ISBN-13: 978-0-87849-155-1
Authors / Editors: Nasar Ali, Andreas Oechsner and Waqar Ahmed
Pages: 332
Year: 2010
Edition: softcover
TOC: Table of contents

Volume is indexed by Thomson Reuters BCI (WoS).
Carbon is an essential constituent element of all living organisms. A unique feature of carbon is the variety of forms that it can assume when two or more atoms bond. Carbon has thus attracted, and continues to attract, considerable R&D interest from researchers all over the world. The use of carbon in nanotechnology is a very promising area of research, and considerable government funding is being invested in carbon nanotechnology research.

Even after many years of study, an aura of mystery continues to surround the question of how many crystallographic forms/allotropes of carbon exist. The known forms of carbon are: graphene, graphite, diamond, nanotubes, fullerenes (C60, C36….) and nanodiamondoids. Each of these forms of carbon is characterized by different numbers of hybrid orbitals (sp2, sp3, sp).This work comprises ten comprehensive chapters, on carbon-based materials, written by experts in the field. The chapters contain up-to-date fundamental and practical information concerning carbon-based materials. They include work on diamondoid hydrocarbons, carbon nanotubes, nanocrystalline/microcrystalline/ultra-nanocrystalline diamond and carbon nanostructured materials, thus providing an uniquely valuable introduction to the subjecy.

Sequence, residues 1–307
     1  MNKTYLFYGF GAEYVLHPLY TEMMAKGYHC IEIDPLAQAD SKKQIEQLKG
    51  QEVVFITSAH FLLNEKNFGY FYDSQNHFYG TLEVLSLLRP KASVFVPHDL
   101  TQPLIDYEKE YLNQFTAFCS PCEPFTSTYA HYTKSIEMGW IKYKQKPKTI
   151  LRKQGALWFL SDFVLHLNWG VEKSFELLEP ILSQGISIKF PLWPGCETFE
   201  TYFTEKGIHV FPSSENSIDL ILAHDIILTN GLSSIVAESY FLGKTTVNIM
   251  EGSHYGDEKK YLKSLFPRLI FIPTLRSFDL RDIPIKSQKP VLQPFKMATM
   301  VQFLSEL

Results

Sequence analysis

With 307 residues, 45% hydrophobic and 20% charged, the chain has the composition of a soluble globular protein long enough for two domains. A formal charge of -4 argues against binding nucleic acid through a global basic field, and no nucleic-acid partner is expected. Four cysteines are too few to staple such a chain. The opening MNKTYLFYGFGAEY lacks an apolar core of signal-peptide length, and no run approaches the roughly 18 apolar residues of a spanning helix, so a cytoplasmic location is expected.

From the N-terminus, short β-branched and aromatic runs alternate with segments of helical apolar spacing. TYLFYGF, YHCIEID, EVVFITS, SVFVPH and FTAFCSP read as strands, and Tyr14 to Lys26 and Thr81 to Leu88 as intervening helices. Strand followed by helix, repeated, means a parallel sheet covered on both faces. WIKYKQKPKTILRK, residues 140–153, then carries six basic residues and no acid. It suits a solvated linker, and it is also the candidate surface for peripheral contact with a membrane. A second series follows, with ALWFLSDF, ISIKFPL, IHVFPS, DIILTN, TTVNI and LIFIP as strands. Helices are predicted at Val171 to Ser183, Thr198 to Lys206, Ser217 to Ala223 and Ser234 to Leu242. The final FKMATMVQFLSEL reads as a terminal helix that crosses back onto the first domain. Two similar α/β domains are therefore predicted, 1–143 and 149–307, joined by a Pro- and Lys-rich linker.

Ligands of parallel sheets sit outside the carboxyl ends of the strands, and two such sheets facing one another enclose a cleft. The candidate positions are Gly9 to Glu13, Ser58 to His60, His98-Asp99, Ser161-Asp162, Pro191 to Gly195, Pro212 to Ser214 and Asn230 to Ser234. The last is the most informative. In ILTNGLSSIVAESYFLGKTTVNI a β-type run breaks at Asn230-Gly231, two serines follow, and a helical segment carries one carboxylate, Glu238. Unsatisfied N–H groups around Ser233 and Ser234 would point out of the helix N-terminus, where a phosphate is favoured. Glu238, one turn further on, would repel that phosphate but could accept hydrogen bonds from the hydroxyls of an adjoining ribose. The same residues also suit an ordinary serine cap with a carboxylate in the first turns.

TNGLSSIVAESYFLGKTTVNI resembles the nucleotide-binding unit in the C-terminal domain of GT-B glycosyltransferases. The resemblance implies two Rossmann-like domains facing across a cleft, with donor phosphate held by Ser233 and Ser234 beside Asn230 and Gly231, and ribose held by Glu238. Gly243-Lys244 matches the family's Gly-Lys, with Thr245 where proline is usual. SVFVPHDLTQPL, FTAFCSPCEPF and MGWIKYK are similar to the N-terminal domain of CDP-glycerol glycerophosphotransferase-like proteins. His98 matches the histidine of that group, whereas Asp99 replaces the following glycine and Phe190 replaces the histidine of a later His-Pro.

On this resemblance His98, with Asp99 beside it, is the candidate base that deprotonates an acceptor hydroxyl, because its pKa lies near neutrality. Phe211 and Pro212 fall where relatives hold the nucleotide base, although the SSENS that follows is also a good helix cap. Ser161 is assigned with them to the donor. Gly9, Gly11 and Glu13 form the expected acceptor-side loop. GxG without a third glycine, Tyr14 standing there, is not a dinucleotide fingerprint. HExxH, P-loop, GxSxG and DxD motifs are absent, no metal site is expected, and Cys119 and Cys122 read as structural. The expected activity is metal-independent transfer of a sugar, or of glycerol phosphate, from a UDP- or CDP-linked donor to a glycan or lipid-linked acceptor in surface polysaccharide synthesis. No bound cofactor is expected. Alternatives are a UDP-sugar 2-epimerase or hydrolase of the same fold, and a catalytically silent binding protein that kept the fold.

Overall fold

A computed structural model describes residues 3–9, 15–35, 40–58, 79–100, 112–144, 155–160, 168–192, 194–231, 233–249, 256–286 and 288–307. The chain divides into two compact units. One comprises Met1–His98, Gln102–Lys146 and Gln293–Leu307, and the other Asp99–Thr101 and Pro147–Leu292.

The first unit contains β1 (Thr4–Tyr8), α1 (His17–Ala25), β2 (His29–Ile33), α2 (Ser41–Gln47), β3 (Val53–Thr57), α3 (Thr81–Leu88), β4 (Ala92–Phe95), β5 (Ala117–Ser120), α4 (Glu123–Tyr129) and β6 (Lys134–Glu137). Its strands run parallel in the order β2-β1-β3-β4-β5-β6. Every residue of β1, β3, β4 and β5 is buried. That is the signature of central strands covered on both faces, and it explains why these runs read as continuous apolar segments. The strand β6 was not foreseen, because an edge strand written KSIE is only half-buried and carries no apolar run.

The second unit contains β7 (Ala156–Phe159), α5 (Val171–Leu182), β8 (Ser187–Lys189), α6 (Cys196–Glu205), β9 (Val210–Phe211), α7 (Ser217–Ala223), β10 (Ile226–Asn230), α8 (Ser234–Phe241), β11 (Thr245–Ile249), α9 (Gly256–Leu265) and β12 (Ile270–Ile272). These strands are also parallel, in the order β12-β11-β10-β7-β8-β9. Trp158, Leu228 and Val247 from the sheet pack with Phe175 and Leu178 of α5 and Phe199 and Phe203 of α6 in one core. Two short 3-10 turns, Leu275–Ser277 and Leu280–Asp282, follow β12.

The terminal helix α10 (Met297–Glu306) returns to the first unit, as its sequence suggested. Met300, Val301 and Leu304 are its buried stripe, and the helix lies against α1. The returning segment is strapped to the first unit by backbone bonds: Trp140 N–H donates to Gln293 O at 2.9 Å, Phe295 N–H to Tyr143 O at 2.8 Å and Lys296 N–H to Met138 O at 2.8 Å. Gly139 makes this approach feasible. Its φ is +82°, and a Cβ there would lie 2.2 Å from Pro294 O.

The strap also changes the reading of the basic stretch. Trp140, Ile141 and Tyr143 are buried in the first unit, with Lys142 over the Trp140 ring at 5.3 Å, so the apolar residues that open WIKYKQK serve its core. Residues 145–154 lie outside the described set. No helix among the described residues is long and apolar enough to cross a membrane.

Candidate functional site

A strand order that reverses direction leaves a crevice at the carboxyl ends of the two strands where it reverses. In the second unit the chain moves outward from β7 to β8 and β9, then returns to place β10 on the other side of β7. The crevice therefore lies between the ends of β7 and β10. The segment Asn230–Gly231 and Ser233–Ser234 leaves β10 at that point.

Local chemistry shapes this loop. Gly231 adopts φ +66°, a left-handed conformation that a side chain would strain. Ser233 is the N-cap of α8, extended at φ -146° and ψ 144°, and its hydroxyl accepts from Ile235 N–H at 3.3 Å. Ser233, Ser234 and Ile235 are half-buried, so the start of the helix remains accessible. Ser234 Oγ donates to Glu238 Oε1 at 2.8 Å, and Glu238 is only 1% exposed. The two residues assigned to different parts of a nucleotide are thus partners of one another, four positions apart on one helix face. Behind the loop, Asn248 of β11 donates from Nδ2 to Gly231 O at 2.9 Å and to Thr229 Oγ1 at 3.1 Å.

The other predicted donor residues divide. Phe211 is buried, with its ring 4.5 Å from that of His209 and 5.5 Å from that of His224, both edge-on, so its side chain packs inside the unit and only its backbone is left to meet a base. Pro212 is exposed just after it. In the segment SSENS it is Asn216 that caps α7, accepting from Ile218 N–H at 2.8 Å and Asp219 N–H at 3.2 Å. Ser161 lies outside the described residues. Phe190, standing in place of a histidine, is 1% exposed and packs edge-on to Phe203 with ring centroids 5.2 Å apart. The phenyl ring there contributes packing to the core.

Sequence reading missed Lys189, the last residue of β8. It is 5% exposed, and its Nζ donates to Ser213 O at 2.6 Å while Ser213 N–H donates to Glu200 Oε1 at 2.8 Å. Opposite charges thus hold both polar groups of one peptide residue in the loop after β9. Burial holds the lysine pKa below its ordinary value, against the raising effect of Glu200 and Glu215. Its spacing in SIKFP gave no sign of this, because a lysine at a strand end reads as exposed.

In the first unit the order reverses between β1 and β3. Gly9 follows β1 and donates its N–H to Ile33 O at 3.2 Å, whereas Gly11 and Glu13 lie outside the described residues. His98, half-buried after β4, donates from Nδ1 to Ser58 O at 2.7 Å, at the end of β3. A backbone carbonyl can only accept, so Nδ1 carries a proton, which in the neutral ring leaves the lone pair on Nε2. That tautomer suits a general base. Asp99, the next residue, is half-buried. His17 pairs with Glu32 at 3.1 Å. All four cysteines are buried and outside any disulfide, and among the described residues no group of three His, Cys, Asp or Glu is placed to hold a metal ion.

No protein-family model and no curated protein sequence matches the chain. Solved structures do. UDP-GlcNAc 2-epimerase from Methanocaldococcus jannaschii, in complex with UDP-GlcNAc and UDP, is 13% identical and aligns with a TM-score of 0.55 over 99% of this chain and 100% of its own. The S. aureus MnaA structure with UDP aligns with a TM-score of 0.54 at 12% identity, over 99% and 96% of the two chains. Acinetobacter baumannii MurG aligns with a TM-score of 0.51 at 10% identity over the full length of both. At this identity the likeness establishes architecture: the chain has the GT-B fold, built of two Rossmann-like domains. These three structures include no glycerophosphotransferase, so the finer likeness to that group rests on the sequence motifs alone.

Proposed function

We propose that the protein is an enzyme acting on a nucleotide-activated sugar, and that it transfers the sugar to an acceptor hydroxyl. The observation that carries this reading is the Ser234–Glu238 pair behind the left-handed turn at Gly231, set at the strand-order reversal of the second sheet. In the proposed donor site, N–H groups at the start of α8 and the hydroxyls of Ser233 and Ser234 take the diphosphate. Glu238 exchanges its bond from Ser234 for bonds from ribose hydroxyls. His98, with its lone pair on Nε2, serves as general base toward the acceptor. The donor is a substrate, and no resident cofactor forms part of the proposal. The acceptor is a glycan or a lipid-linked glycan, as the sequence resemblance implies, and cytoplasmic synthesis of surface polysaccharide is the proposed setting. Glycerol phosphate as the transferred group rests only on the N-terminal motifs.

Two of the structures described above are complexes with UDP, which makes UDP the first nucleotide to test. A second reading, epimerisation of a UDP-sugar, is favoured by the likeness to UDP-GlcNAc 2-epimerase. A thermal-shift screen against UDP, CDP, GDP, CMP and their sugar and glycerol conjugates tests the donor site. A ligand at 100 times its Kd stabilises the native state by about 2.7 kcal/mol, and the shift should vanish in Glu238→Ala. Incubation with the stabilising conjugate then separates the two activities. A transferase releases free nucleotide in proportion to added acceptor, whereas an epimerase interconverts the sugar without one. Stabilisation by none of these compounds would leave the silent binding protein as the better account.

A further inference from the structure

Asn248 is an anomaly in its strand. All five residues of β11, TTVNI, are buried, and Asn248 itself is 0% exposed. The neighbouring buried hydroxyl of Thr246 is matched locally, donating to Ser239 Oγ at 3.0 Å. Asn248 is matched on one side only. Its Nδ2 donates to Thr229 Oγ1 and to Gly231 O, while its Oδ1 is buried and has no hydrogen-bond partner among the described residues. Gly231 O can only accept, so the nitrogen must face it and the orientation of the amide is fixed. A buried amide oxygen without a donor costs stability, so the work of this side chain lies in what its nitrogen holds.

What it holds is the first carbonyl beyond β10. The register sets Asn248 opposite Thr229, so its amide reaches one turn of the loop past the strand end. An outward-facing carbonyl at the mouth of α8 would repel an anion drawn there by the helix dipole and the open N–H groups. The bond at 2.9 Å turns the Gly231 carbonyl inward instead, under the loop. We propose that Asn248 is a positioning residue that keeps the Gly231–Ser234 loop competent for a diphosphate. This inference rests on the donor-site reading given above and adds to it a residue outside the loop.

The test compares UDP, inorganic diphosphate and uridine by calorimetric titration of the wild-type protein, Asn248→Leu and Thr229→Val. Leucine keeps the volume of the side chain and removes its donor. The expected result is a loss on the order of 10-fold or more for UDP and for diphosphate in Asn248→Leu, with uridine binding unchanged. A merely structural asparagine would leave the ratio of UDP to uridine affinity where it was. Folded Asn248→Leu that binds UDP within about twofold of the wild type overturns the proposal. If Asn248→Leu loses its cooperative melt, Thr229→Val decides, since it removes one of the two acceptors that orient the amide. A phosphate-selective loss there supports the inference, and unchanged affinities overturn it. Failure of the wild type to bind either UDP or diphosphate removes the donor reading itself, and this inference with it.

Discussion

Review from Ringgold Inc., ProtoView: Being one of the most flexible elements, carbon draws a lot of attention in most areas of science, and the 10 extended studies here show how it is figuring in the science of materials manipulated at the nanometer scale. They cover diamonoid hydrocarbons; carbon nanotubes as electron sources; nanocrystalline diamond coatings for advanced acoustic devices; depositing nanocrystalline diamond by Ar/H2/CH4 microwave discharges; the growth, properties, and applications of thick self-standing blocks of multi-walled carbon nanotubes; chemical vapor deposition as a route to microcrystalline, nanocrystalline, ultrananocrystalline, and single-crystal diamond films; the synthesis, atomic structures, and properties of carbon nanostructured materials; chemical vapor deposited diamond for thermoplastic injection molds; composites of carbon nanotubes and polymers for biomedical applications; and nanostructured coatings. There is no index.

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